Via Abigail Field of DailyFinance calling Florida judges to task.
Unfortunately, not all judges are responding to the foreclosure mess this way. Those in Florida have been particularly notorious, and new rulings show at least some members of the Florida judiciary seem more committed to speeding foreclosures through to completion than anything else.
For example, Florida’s infamous “rocket dockets,” in which a foreclosure case can take mere seconds or a few minutes to complete, continue. The Lee County court schedule for December shows two days with over 60 cases scheduled, two with over 25 and one with four. (No other days have cases scheduled.) Given the length of the court day, 25+ cases in a day amounts to at best several minutes a case. Attorneys defending foreclosures have taken several days to deal with just one.
Or consider that this motion to put a foreclosure proceeding on hold, filed by SunTrust Bank, and denied by a Lee County judge. SunTrust’s motion was clear about why it wanted the delay:
1. Plaintiff seeks this stay in order to allow time for the completion of a review of its mortgage servicing procedures. That review was commenced following nationwide reports of certain industry-wide deficiencies in the preparation of affidavits submitted in connection with foreclosure proceedings.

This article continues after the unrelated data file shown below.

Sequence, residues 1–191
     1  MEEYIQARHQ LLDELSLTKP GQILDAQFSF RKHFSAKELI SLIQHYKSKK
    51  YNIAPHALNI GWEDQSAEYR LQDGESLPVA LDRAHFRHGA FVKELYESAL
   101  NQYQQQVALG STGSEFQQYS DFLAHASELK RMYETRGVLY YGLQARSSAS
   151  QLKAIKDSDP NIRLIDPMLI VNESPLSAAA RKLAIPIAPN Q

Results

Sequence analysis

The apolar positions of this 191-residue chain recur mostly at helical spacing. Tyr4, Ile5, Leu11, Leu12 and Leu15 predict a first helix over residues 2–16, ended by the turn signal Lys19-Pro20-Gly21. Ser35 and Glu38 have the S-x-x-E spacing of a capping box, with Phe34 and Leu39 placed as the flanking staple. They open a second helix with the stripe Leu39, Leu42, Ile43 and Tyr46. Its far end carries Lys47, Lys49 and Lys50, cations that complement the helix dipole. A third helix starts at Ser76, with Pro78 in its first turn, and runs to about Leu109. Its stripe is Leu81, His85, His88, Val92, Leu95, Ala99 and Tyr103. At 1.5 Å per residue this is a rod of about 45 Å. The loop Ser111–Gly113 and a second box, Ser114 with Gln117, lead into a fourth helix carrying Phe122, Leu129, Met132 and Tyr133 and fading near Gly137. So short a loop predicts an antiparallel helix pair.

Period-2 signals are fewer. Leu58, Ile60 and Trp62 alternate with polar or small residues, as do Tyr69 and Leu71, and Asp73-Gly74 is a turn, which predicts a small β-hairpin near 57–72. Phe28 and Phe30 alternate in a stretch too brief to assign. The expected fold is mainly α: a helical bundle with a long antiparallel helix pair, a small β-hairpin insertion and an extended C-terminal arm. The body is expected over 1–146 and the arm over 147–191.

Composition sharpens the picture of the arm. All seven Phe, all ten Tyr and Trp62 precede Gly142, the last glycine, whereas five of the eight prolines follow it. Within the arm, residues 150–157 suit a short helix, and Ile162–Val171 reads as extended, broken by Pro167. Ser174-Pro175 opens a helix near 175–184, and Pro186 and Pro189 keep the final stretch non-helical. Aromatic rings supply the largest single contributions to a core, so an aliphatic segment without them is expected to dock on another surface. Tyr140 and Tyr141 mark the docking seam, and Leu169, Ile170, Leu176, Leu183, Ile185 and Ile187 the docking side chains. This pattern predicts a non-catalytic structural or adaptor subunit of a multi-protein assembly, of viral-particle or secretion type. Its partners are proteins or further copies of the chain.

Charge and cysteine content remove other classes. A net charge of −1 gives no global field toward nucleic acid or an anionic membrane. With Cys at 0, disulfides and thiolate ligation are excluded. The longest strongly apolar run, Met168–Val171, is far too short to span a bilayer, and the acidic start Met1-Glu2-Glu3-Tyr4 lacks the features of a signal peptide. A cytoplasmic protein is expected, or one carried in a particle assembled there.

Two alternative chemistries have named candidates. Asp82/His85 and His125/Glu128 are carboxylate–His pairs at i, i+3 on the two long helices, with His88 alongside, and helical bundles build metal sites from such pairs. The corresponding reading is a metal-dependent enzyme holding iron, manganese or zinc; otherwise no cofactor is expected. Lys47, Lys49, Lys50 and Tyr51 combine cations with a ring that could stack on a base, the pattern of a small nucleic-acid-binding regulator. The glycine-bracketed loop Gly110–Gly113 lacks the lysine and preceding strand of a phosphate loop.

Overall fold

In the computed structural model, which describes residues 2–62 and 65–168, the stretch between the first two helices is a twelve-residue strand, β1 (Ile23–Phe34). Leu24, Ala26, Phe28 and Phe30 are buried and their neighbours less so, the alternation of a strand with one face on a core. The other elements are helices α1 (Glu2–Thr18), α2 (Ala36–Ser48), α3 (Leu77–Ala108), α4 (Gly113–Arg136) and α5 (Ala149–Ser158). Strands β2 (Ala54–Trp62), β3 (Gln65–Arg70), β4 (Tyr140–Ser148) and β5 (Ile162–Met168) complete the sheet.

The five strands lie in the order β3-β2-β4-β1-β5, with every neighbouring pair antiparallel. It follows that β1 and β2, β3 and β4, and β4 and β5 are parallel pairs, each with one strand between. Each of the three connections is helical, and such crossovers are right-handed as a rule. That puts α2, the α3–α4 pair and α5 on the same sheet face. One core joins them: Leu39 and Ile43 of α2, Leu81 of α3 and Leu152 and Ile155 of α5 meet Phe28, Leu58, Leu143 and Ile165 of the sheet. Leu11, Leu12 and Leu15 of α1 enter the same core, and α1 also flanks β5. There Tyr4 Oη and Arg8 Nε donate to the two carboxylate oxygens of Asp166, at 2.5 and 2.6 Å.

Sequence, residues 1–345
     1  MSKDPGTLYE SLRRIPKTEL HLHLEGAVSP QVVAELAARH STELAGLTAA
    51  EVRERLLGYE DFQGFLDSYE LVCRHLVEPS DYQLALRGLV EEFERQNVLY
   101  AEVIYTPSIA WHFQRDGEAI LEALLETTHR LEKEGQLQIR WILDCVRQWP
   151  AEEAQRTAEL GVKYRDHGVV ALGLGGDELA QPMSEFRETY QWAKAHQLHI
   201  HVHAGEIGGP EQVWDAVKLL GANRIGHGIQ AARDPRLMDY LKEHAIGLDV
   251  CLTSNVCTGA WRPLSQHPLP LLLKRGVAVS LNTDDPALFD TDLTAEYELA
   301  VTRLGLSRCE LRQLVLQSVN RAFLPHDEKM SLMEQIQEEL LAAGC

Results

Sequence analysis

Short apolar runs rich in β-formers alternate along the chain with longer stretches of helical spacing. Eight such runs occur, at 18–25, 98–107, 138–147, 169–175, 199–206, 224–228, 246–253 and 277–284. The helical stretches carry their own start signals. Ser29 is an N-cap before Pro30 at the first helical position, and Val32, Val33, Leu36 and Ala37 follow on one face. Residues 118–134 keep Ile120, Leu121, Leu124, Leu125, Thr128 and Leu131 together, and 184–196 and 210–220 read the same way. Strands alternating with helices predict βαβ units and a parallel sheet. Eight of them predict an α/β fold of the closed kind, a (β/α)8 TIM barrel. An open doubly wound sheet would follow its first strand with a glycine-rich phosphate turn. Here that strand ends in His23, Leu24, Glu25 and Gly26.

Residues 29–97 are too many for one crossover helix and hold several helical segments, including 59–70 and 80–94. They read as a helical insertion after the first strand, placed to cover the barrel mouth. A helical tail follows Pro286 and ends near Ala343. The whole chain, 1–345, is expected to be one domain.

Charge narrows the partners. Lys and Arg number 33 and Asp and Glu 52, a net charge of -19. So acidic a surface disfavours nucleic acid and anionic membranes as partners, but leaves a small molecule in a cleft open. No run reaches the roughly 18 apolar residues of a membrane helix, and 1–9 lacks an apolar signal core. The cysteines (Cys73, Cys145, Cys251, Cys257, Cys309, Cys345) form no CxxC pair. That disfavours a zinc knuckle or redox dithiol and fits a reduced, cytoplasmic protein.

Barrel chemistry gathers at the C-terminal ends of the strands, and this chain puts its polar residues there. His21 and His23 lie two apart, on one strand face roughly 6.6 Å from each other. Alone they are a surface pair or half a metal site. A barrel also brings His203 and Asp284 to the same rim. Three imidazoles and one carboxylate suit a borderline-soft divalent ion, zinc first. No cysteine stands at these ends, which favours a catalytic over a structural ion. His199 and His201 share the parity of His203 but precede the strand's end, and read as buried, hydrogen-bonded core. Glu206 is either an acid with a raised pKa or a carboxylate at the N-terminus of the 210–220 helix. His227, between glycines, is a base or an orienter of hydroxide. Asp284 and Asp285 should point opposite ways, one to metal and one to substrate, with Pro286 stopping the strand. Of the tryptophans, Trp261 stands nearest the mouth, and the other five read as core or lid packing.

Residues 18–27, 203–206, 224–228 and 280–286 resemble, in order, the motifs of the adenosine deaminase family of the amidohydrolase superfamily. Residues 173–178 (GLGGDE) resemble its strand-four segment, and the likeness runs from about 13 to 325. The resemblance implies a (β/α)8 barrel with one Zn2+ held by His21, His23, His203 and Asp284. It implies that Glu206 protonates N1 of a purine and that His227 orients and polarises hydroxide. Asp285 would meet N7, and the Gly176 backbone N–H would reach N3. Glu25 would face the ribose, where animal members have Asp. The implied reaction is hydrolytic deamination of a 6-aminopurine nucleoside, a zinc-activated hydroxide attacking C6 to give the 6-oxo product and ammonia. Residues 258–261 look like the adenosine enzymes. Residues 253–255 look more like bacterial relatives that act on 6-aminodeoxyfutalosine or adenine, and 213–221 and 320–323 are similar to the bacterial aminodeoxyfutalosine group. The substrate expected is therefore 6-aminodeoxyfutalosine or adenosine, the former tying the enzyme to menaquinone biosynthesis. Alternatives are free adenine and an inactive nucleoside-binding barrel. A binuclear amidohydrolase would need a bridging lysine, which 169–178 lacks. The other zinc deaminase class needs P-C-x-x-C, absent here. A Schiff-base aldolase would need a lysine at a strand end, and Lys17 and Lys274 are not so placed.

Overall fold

2. Plaintiff intends to take all necessary steps in order to ensure that the documentation provided in connection with foreclosure proceedings, including this one, meets all applicable legal requirements.
SunTrust is saying: Judge, we respect the court system and want to do things right. Please give us the time we need.
By denying the motion, the judge (I can’t tell who signed it) essentially responded: Don’t bother. I don’t care if your papers were right. Just hurry up and take the house. …
Here’s a crucial point: demanding that banks play by the same rules as everyone else isn’t some abstract and empty ideal that puts form over substance. Despite the banks’ claims to the contrary, their document problems aren’t purely technical. The banks’ records are in such poor shape — the very records used to create the foreclosures — that, as The New York Times has reported, banks are breaking into homes they haven’t foreclosed on.
In judicial foreclosure states and in bankruptcy proceedings, judges are in a position to ensure that such travesties of justice don’t occur. Some judges are indeed stepping up, but clearly not enough of them.